Yeah, so much of my web browsing today depends on a number of Firefox add-ons that simply JFW for a variety of things. Opera could be the greatest browser on the planet, but without AdBlock Plus (no, a manually configured host-filtering hack is not equivalent) or GreaseMonkey, or any other FF extensions I occasionally find use for (FxIF, del.icio.us, TwitterFox, , I simply can't adopt it seriously.

You do need to read some more /. hehe:
You just don't need addons, it's right here for you to use! [slashdot.org]

Re:Firefox just has too many useful addons (1)

parlancex (1322105) | more than 5 years ago | (#28209761)

Consider that with increased peformance ads no longer have any measurable perfect on your browsing anyway, or perhaps consider many other robust ad-blocking software packages that work directly at the socket level, blocking connections to black-listed ad-serving servers below the browser.

Nice slashvertisment (-1, Troll)

Anonymous Coward | more than 5 years ago | (#28208645)

I would try it out if it was open source.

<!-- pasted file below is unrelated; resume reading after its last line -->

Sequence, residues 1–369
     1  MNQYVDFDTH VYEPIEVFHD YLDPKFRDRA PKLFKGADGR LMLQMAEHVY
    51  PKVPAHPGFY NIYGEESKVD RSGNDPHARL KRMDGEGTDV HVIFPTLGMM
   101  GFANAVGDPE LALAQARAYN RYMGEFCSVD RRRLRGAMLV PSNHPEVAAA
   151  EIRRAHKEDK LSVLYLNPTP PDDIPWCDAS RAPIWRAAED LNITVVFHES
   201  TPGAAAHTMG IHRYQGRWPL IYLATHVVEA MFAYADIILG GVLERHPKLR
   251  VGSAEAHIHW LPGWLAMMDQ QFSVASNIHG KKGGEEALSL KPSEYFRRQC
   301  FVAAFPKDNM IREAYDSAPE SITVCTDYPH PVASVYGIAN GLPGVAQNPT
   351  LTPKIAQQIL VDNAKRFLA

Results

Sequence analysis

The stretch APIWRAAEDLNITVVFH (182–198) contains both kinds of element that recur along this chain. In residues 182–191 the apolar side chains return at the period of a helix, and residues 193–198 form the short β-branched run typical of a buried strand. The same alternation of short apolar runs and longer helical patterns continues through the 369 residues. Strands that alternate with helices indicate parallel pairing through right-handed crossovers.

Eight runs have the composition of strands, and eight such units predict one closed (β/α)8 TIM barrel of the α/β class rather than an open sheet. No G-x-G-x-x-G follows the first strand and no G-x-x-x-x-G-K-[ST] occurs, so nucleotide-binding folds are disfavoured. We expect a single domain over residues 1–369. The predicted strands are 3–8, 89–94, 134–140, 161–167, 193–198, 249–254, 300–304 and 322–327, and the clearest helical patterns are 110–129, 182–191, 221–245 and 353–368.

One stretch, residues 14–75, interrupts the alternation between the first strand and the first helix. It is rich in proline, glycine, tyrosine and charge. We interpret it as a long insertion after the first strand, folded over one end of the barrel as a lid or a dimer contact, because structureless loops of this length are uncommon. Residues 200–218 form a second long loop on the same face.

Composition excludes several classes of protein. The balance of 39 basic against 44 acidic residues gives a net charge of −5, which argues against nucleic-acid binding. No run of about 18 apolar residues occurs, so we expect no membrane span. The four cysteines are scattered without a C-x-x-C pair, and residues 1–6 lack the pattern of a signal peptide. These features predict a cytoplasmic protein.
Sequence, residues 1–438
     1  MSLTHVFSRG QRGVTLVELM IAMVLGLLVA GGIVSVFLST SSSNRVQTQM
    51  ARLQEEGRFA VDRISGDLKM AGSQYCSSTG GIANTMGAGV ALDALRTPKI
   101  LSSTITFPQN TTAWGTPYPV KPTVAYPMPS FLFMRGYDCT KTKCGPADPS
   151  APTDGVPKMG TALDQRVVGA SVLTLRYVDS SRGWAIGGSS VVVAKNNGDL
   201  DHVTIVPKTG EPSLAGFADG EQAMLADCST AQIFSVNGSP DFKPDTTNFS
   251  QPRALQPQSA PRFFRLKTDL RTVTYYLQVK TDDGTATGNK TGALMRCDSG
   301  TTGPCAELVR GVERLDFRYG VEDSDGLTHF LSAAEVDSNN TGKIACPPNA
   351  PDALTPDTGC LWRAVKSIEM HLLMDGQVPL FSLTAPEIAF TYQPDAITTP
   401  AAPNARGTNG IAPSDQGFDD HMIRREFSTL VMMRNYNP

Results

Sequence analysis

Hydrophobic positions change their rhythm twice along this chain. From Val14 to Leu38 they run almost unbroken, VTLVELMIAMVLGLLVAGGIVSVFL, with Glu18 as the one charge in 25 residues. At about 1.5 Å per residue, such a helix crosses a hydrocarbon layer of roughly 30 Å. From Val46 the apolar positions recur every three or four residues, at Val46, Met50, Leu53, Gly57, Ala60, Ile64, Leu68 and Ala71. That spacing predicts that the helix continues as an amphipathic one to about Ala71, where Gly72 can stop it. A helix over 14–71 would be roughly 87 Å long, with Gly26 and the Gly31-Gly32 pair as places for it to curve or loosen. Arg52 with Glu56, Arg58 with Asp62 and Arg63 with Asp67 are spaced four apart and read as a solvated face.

I would perhaps consider it if it at least came with source code (even under a proprietary license).
Being accustomed to open-source, it seems very unnatural to pay for software and get no source code,
when the free equivalent comes with source.

Firefox is reasonable for my use.

Re:Nice slashvertisment (1)

Mystra_x64 (1108487) | more than 5 years ago | (#28208707)

Pay? You are trolling it seems.

The significance of Opera Turbo (0)

Anonymous Coward | more than 5 years ago | (#28208717)

is not so much for using public WiFi. The big win of Opera Turbo is when you use your laptop tethered to a cell phone.

'turbo' (1)

SCHecklerX (229973) | more than 5 years ago | (#28208725)

so, the software somehow uses a gas or liquid turbine? I'm confused.

Evidence (1)

Saba (308071) | more than 5 years ago | (#28208809)

> Opera 10 proved itself to outperform every other desktop browser on the planet, and there are graphs to prove it.

Well damn, colour me impressed!

Imagine Hamlet utter: (1)

WaroDaBeast (1211048) | more than 5 years ago | (#28208851)

“To be or to not be, that is the question.”

Opera should get off the high horse (-1, Troll)

saikou (211301) | more than 5 years ago | (#28209353)

And get on a smaller horse, by making itself by default behave _exactly_ like Firefox (or IE) regarding those "non-standard-compliant-enough" sites.